Metabolic Misconceptions: Part 8: Walking vs. Jogging
by Fred Dimenna, CSCS

There are a number of ways ATP (the currency used to transfer energy within the body) can be made available when demand exists. The vast majority that will be hydrolyzed to drive energy-requiring reactions is formed by virtue of oxidative phosphorylation, a process that involves harnessing energy generated by electron movement. The source of these electrons is the food we ingest. Oxidative phosphorylation relies predominantly on sugar and fat as the substrates from which electrons are stripped.

A number of factors influence which fuel feeds the oxidative metabolic machinery. Foremost is how rapidly energy must be transferred. If transfer rate is low, fat can be used almost exclusively. Once it is accelerated, easier to-access sugar must be called into play. Fuel availability is also critical. Even a lean person has plenty of potential energy stored in adipose tissue (the main storage form of fat), but glycogen (sugar) stores are more limited. In fact, increasing expenditure for prolonged periods (exercising, for example) or restricting carbohydrate intake can readily deplete these reserves. Taking these aspects of metabolism into account, it’s easy to see why exercisers often employ strategies designed to maximize the proportionate contribution of fat. This includes limiting the sugar available to fuel the activity (dramatically restricting carbohydrate intake and/or exercising on an empty stomach when reserves are presumed to be low). In addition, limiting the rate at which energy transfer is required is also suggested. In this case, a challenging pace is eschewed for a comfortable one because fat use simply can’t keep pace when a rapid rate of turnover exists. Unfortunately, these efforts ultimately undermine fat loss.

To understand why maximal fat use is contrary to effective fat loss, some number crunching is in order. As we rebuild ATP aerobically, oxygen is needed to dispose of electrons once their potential energy has been utilized. Consequently, measurement of pulmonary oxygen uptake provides a barometer by which aerobic energy turnover can be quantified. In addition, carbon dioxide is formed when electrons and their accompanying hydrogens are stripped from fuels. Because the ratio of carbon dioxide produced to oxygen consumed (known as the respiratory exchange ratio or RER) varies depending on the fuel being oxidized, the relative contributions of sugar and fat can be determined by analyzing the composition of expired air.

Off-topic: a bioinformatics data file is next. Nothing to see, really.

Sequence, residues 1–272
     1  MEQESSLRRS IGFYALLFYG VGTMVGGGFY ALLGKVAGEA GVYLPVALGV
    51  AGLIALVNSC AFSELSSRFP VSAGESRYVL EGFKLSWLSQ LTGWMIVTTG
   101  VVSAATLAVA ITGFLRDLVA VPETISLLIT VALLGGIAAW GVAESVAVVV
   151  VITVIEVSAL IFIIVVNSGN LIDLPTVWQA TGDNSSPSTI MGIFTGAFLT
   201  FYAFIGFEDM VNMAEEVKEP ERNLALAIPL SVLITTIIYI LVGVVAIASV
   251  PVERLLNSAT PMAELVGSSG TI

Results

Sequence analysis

At an RER of .7, all of the ATP being reformed is derived from fat. Because accessing fat is a slow process, this is only the case when energy demand rate is extremely low. As a result, from a relative standpoint, fat utilization (in relation to sugar use) is greatest when we are least active (during sleep, for example). When the RER is 1.0, on the other hand, carbohydrate is the sole fuel source. And when the RER surpasses 1.0, non metabolic carbon dioxide is present, a sign that aerobic metabolism is not keeping pace and anaerobic transfer (incomplete glycogen breakdown accompanied by lactic acid accumulation) is present.

The fat-burning misconception is based on the fact that relative fat use decreases as exercise intensity increases. No one would advise sleeping as the best way to lose fat, but many believe restricting aerobic intensity is the ideal approach. But this reasoning fails if you consider the numbers. Imagine a 160-lb person walking on a treadmill for 30 minutes at 3.5 miles per-hour, with the grade at five percent. If this represented a relatively easy effort, it’s safe to assume this individual would be operating at a moderate RER, let’s say .85. That means 50 percent of the energy requirement would be satisfied by fat breakdown. But how much actual fat does that represent?

The American College of Sports Medicine prediction equation indicates the aforementioned challenge necessitates an energy outlay of 225 kilocalories. If 50 percent of that were satisfied by fat breakdown, 112 kilocalories would be provided by fat. That means 12 grams of fat would have to be used (fat oxidation yields nine kilocalories per gram).

Compare this endeavor with one done at a more challenging pace (and, consequently, a higher RER). Assume the same exerciser jogged at five miles-per-hour, a degree of effort associated with an RER of .9. In this case, relative fat use would be reduced, as only 33 percent of the energy would be supplied by the slow-to-access option. But the overall energy need would be much greater. In fact, maintaining that pace for 30 minutes would cost 330 kilocalories, considerably more than the comfortable walk. Bottom line: Even though relative fat use would be lessened, the same amount of actual fat would be burned.

You might be wondering why an exerciser would jog five miles-per-hour to use the same amount of fat they could during a comfortable walk. To justify this approach, consider the big picture. Fat stores decrease when we use more energy than we ingest. Using 330 calories is better than expending 225, even if the extra amount is not satisfied directly by fat. Somewhere along the line, if a negative energy balance is present, fat will be reduced. Using as much energy as possible as you exercise facilitates this condition.

Fred DiMenna, a Certified Strength and Conditioning Specialist and Lifestyle and Weight Management Consultant is a two-time Natural Mr. United States and a WNBF drug-free professional bodybuilder. Visit him at www.freddimenna.com or email: mrnatural@yahoo.com.